Ever since the 4th of August all our crossroads have been guarded, all our railway gates closed, and also guarded—guarded by men whose only sign of being soldiers is a cap and a gun, men in blouses with a mobilization badge on their left arms, often in patched trousers and sabots, with stern faces and determined eyes, and one thought—”The country is in danger.”

There is a crossroad just above my house, which commands the valley on either side, and leads to a little hamlet on the route nationale from Couilly to Meaux, arid is called “La Demi-Lune”—why “Half-Moon” I don’t know. It was there, on the 6th, that I saw, for the first time, an armed barricade. The gate at the railway crossing had been opened to let a cart pass, when an automobile dashed through Saint-Germain, which is on the other side of the track. The guard raised his bayonet in the air, to command the car to stop and show its papers, but it flew by him and dashed up the hill. The poor guard—it was his first experience of that sort—stood staring after the car; but the idea that he ought to fire at it did not occur to him until it was too late. By the time it occurred to him, and he could telephone to the Demi-Lune, it had passed that guard in the same way—and disappeared. It did not pass Meaux. It simply disappeared. It is still known as the “Phantom Car.” Within half an hour there was a barricade at the Demi-Lune mounted by armed men—too late, of course. However, it was not really fruitless,—that barricade,—as the very next day they caught three Germans there, disguised as Sisters of Charity—papers all in order—and who would have got by, after they were detected by a little boy’s calling attention to their ungloved hands, if it had not been for the number of armed old men on the barricade.

What makes things especially serious here, so near the frontier, and where the military movements must be made, is the presence of so many Germans, and the bitter feeling there is against them. On the night of August 2, just when the troops were beginning to move east, an attempt was made to blow up the railroad bridge at lie de Villenoy, between here and Meaux. The three Germans were caught with the dynamite on them—so the story goes—and are now in the barracks at Meaux. But the most absolute secrecy is preserved about all such things. Not only is all France under martial law: the censorship of the press is absolute. Every one has to carry his papers, and be provided with a passport for which he is liable to be asked in simply crossing a road.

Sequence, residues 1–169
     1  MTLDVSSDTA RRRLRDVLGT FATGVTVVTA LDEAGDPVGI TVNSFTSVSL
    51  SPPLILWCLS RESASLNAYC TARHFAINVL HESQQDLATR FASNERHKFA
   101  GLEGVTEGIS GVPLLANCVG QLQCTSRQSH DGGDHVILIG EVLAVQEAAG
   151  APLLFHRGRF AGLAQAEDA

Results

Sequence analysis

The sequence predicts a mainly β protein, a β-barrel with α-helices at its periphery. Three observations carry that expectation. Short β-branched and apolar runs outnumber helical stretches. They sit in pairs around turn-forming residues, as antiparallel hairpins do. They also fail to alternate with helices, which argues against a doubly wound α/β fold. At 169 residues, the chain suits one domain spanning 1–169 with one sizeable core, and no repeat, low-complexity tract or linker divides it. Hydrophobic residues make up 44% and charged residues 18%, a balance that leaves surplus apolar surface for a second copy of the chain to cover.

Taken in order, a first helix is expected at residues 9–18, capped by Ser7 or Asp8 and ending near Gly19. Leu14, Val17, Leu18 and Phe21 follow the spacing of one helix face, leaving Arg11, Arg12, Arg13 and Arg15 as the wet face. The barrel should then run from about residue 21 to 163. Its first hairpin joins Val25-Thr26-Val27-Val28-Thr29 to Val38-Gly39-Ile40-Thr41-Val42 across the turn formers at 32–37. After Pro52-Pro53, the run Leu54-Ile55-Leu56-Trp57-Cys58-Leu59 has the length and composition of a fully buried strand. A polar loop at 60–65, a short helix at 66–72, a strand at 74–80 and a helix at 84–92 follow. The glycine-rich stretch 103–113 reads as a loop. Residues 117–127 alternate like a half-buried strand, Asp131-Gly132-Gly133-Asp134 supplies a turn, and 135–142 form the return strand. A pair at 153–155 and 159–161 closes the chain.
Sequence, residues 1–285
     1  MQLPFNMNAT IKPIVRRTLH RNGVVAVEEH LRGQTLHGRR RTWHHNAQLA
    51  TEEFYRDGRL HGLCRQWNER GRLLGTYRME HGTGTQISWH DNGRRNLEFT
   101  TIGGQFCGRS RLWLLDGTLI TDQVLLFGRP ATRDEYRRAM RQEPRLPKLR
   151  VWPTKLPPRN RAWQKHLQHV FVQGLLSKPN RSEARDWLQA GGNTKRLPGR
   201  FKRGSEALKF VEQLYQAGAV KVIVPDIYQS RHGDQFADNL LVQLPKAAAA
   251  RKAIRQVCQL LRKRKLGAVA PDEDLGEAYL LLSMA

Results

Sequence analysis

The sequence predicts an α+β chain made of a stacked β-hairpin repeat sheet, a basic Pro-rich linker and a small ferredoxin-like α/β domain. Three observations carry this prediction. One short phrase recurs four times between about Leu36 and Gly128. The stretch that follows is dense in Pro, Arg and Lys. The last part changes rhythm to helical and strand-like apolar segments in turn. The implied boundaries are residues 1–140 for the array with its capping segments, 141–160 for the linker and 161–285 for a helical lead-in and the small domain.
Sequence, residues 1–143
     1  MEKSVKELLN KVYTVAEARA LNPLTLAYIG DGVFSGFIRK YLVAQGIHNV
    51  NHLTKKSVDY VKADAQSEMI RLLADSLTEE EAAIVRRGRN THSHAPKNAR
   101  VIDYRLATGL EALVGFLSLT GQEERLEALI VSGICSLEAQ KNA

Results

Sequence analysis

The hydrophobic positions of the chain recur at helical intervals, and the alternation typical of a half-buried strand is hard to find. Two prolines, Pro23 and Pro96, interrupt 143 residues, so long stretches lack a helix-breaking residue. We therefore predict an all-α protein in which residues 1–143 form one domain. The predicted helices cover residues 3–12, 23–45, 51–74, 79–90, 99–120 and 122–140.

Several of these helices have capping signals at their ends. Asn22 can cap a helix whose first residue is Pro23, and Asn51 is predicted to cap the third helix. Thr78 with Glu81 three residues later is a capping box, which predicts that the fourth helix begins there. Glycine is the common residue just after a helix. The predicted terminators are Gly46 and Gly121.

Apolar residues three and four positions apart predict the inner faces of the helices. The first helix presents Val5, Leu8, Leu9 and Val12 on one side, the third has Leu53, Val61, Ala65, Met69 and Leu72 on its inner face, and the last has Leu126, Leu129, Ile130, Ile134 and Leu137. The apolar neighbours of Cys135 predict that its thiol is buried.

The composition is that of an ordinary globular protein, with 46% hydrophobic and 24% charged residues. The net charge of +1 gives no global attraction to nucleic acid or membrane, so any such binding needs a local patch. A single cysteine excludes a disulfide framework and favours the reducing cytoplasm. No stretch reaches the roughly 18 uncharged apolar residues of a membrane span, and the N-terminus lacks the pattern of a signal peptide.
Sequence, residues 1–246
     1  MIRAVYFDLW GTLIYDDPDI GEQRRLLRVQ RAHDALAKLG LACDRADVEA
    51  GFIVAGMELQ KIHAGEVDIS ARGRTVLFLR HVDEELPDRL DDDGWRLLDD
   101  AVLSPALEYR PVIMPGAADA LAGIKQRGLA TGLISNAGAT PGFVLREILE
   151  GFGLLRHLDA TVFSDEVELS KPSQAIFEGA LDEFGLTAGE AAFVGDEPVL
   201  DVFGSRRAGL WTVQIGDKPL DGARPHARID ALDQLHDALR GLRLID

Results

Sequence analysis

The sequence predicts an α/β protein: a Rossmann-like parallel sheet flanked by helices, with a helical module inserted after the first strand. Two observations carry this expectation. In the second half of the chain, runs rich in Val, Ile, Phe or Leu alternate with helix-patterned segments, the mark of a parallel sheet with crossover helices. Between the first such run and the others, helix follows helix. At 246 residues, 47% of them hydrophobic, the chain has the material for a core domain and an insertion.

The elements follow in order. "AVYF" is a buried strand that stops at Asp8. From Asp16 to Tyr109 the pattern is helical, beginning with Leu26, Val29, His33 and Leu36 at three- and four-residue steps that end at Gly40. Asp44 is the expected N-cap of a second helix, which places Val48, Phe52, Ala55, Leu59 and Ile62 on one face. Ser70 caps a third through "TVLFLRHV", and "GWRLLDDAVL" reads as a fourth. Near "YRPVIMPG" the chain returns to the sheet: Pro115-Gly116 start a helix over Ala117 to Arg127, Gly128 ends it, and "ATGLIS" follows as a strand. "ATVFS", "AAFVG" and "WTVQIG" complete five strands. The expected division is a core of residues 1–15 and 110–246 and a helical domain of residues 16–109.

Meaux is full of Germans. The biggest department shop there is a German enterprise. Even Couilly has a German or two, and we had one in our little hamlet. But they’ve got to get out. Our case is rather pathetic. He was a nice chap, employed in a big fur house in Paris. He came to France when he was fifteen, has never been back, consequently has never done his military service there. Oddly enough, for some reason, he never took out his naturalization papers, so never did his service here. He has no relatives in Germany—that is to say, none with whom he has kept up any correspondence, he says. He earns a good salary, and has always been one of the most generous men in the commune, but circumstances are against him. Even though he is an intimate friend of our mayor, the commune preferred to be rid of him. He begged not to be sent back to Germany, so he went sadly enough to a concentration camp, pretty well convinced that his career here was over. Still, the French do forget easily.

Couilly had two Germans. One of them—the barber—got out quick. The other did not. But he was quietly informed by some of his neighbors—with pistols in their hands—that his room was better than his company.

The barber occupied a shop in the one principal street in the village, which is, by the way, a comparatively rich place. He had a front shop, which was a cafe, with a well-fitted-up bar. The back, with a well-dressed window on the street, full of toilette articles, was the barber and hairdressing-room, very neatly arranged, with modern set bowls and mirrors, cabinets full of towels, well-filled shelves of all the things that make such a place profitable. You should see it now. Its broken windows and doors stand open to the weather. The entire interior has been “efficiently” wrecked. It is as systematic a work of destruction as I have ever seen. Not a thing was stolen, but not an article was spared. All the bottles full of things to drink and all the glasses to drink out of are smashed, so are counters, tables, chairs, and shelving. In the barber shop there is a litter of broken porcelain, broken combs, and smashed-up chairs and boxes among a wreck of hair dyes, perfumes, brillantine, and torn towels, and an odor of aperitifs and cologne over it all.

Every one pretends not to know when it happened. They say, “It was found like that one morning.” Every one goes to look at it—no one enters, no one touches anything. They simply say with a smile of scorn, “Good—and so well done.”

There are so many things that I wish you could see. They would give you such a new point of view regarding this race—traditionally so gay, so indifferent to many things that you consider moral, so fond of their individual comfort and personal pleasure, and often so rebellious to discipline. You would be surprised—surprised at their unity, surprised at their seriousness, and often touched by their philosophical acceptance of it all.